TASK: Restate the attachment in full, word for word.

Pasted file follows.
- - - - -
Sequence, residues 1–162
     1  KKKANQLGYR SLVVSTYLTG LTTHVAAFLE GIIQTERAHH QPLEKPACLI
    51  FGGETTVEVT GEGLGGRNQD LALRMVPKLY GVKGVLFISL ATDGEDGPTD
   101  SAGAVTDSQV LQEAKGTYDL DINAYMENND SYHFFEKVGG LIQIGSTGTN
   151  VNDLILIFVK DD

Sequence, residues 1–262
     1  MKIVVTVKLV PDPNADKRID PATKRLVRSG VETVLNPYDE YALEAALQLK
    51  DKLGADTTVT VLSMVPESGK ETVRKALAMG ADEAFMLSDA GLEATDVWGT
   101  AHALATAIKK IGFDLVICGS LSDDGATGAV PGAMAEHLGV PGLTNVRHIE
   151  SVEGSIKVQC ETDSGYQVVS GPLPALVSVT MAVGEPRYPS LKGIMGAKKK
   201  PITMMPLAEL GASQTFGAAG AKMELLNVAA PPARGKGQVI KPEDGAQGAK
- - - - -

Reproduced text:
Sequence, residues 1–162
     1  KKKANQLGYR SLVVSTYLTG LTTHVAAFLE GIIQTERAHH QPLEKPACLI
    51  FGGETTVEVT GEGLGGRNQD LALRMVPKLY GVKGVLFISL ATDGEDGPTD
   101  SAGAVTDSQV LQEAKGTYDL DINAYMENND SYHFFEKVGG LIQIGSTGTN
   151  VNDLILIFVK DD

Sequence, residues 1–262
     1  MKIVVTVKLV PDPNADKRID PATKRLVRSG VETVLNPYDE YALEAALQLK
    51  DKLGADTTVT VLSMVPESGK ETVRKALAMG ADEAFMLSDA GLEATDVWGT
   101  AHALATAIKK IGFDLVICGS LSDDGATGAV PGAMAEHLGV PGLTNVRHIE
   151  SVEGSIKVQC ETDSGYQVVS GPLPALVSVT MAVGEPRYPS LKGIMGAKKK
   201  PITMMPLAEL GASQTFGAAG AKMELLNVAA PPARGKGQVI KPEDGAQGAK